OHL Cup: Future top pick McLeod best of the best
OHL Cup: Future top pick McLeod best of the best
Remember the name Michael McLeod. You might want to keep Ryan McLeod in your memory bank as well. The two brothers helped the Toronto Marlboros win the OHL Cup and look as thought they have a bright future ahead of them.
By being named most valuable player in the OHL Cup, Michael McLeod has placed himself in some rare company. But being surrounded by elite hockey players is not exactly foreign to him. All he has to do is look around his own house or step outside for a ball hockey game to be surrounded by special players.
Michael McLeod will likely be a top-five pick in the Ontario League draft after leading the Toronto Marlboros to the championship of the OHL Cup with two goals, including one shorthanded, in a 5-0 win over the Toronto Jr. Canadiens. McLeod finished second in tournament scoring with seven goals and 11 points in seven games. The OHL Cup is symbolic of minor midget supremacy in Ontario and has been a springboard for a number of NHL careers. Other winners of the MVP trophy include Steven Stamkos, Sam Gagner, Sean Monahan, Casey Cizikas and Connor McDavid.
“It really hasn’t sunk in yet,” McLeod said of being named MVP. “When you look at some of the other names on that trophy that I won, it’s just amazing. I can’t really believe it.”
McLeod comes from a family of elite hockey players. His older brother, Matthew, just accepted a scholarship at Canisius College for next season and his younger sibling, Ryan, is a 1999-born minor bantam who shared the OHL Cup with his brother as a call-up to the Marlboros minor midget team. Ryan McLeod figures to be a prominent player on next year’s Marlies minor midget team and figures to follow his older brother to the OHL.
And in a case of there-must-be-something-in-the-water, the McLeods grew up in the same Mississauga neighborhood as Ryan and Dylan Strome. Ryan, who went on to star in the OHL, scored 49 points in 37 games as a rookie in the American League before being called up by the New York Islanders and Dylan, who went second overall in the OHL draft in 2013, is playing with the Erie Otters.
“We used to play road hockey all the time,” Michael McLeod said of the Stromes. “We used to have huge battles. It was a great time.”
The Marlboros were dominant in the OHL Cup and vanquished the Canadiens, the team that defeated them in eight games in the Greater Toronto Hockey League final. Without their top two defensemen –Jakob Chychrun and Victor Mete – because of injuries, the Jr. Canadiens were top marks for getting as far in the tournament as they did. In fact, Chychrun and Mete are likely top-five picks and will almost certainly be the first two defensemen selected in the OHL draft.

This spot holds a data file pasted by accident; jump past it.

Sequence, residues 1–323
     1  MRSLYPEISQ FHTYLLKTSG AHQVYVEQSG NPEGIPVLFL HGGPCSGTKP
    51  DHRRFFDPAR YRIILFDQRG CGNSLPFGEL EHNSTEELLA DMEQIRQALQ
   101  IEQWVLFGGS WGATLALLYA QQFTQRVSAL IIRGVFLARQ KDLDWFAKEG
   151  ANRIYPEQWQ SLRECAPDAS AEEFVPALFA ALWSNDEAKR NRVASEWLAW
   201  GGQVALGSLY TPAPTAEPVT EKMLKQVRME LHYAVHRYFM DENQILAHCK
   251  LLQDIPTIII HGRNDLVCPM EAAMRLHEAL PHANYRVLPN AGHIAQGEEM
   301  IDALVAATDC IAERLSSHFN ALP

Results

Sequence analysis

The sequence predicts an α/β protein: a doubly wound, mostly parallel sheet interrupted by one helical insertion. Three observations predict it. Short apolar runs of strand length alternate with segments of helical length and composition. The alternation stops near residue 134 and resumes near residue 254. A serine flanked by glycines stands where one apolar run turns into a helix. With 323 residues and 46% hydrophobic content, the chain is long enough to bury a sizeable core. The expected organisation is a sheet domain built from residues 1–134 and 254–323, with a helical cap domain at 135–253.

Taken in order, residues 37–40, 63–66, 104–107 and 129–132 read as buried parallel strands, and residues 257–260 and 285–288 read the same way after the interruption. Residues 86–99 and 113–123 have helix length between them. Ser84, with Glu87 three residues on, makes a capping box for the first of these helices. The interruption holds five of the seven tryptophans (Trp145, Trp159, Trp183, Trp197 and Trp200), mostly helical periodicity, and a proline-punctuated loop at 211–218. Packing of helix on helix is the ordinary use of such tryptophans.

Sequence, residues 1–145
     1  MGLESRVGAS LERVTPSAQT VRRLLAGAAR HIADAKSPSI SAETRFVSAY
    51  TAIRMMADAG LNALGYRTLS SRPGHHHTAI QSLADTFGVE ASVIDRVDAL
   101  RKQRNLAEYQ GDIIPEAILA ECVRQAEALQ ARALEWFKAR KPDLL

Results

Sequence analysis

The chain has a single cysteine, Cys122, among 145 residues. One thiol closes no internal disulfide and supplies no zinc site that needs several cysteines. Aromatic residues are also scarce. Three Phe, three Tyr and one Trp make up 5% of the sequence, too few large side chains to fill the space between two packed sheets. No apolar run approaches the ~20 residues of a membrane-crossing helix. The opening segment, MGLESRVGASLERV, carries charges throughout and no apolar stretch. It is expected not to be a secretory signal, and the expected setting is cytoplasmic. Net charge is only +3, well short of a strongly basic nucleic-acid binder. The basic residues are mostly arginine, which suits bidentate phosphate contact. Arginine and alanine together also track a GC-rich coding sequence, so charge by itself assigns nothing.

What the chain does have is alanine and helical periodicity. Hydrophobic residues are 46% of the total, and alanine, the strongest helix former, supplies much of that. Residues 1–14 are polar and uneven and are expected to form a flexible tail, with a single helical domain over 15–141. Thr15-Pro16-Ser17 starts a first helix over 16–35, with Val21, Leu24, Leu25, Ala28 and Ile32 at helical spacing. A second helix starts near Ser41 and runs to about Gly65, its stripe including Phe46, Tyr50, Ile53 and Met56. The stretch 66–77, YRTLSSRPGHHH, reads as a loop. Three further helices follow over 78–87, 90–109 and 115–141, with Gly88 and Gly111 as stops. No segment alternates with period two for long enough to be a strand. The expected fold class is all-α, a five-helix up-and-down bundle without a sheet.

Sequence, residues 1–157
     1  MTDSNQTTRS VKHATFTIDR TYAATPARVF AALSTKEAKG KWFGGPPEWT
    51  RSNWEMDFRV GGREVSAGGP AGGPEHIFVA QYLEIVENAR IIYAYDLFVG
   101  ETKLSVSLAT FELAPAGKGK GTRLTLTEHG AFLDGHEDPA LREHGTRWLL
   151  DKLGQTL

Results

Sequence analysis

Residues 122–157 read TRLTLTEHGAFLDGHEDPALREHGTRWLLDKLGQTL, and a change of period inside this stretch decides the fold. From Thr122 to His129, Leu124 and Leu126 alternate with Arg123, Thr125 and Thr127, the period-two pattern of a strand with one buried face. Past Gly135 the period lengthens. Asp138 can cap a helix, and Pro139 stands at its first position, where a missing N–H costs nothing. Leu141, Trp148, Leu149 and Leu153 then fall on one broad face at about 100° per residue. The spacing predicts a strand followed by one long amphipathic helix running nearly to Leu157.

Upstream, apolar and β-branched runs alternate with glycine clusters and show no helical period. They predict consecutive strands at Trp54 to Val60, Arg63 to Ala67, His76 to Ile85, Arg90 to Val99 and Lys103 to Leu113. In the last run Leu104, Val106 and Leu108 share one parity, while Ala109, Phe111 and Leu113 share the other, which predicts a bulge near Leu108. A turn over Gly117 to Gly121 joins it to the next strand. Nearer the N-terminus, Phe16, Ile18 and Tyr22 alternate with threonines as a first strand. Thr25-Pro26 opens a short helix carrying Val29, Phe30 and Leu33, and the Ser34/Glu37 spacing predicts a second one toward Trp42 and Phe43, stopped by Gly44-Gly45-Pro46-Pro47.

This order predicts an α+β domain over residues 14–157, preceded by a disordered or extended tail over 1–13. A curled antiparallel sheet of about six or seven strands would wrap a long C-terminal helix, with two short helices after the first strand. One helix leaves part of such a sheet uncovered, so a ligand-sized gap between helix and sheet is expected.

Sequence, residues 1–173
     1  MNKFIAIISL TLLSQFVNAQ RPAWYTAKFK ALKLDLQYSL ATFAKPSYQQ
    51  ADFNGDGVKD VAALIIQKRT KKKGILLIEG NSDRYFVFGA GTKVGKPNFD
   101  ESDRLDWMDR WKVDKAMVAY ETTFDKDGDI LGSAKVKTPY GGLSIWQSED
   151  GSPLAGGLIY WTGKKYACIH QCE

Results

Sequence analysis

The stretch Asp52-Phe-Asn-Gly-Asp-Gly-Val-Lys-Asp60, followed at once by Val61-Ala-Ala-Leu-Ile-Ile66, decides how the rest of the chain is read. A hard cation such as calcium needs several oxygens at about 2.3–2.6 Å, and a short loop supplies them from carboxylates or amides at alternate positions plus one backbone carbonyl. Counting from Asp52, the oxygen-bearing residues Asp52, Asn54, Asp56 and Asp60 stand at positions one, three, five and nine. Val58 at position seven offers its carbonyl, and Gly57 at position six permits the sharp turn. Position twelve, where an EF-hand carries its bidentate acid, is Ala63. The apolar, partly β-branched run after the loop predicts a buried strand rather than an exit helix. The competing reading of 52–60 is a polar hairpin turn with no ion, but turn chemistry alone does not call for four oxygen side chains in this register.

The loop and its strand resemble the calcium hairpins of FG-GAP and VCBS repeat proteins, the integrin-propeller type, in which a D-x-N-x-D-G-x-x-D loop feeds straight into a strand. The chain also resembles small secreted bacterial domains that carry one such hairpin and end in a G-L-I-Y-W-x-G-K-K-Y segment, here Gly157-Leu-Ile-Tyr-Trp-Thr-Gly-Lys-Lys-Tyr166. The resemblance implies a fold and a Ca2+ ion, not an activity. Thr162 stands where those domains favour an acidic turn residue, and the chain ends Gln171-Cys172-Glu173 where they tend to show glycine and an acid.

The Marlboros have a bevy of OHL prospects aside from McLeod. Taylor Raddysh, who led the tournament in scoring with 5-9-14 totals in seven games, is also a sure-fire first rounder, with Cliff Pu and Reagan O’Grady as borderline first-rounders. Along with Chychrun and Mete on the Jr. Canadiens, captain Travis Barron will also likely go in the first round.
Chychrun is expected to compete with Adam Mascherin for No. 1 overall in the OHL draft. Mascherin, who scored four goals and seven points for the Vaughan Kings in the tournament, could end up going to the Sarnia Sting, who will select first overall. The thinking is that Mascherin has a better chance of being a four-year player in the OHL than Chychrun, a boy-man who could be the No. 1 pick in the NHL draft in 2016. There is also speculation that Chychrun would prefer to play for the Kitchener Rangers, who have the second overall choice.
Another top prospect for the OHL draft is Brandon Saigeon, who had four goals and nine points for the Hamilton Jr. Bulldogs.
Among all the fresh faces in the tournament was a very familiar one behind the Marlboros bench in Paul Coffey. The Hall of Famer has been coaching this group of players, which includes his son Blake, since they were nine years old. Rather than move up the coaching ranks, Coffey intends to now help coach his 11-year-old’s team.
“If I wanted to get into coaching and wanted to make a career out of it, I would have done it 10 years ago,” Coffey said. “It was important for me to be around my family and be around my boys so I could give them a little bit of what I had. From all the great coaches I had, some of them I liked and some of them I didn’t, you take from them. It’s funny, sometimes I catch myself in the dressing room talking to the kids and I go, ‘This sounds like Glen Sather.’ "
As Coffey releases his players into the world after spending seven years with them, he knows a select few will go on to the NHL, some others will make a modest living playing the game, while others will parlay hockey into an education opportunity and, he hopes, have a lifelong love of the game
“It’s hard to project, but I do know one thing,” Coffey said. “They all need to get better. You can’t just be the best 12-year-old, you can’t just be the best 16-year-old. You want to be a good 17-year-old, a good 18-year-old and always getting better. We’ve got some good talent here, but you start playing OHL and the higher levels, the pool gets smaller. They’re good, but they’ve got to get better.”
Photo by: Aaron Bell, OHL Images
Ken Campbell is the senior writer for The Hockey News and a regular contributor to THN.com. To read more from Ken and THN’s other stable of experts, subscribe to The Hockey News magazine. Follow Ken on Twitter at @THNKenCampbell.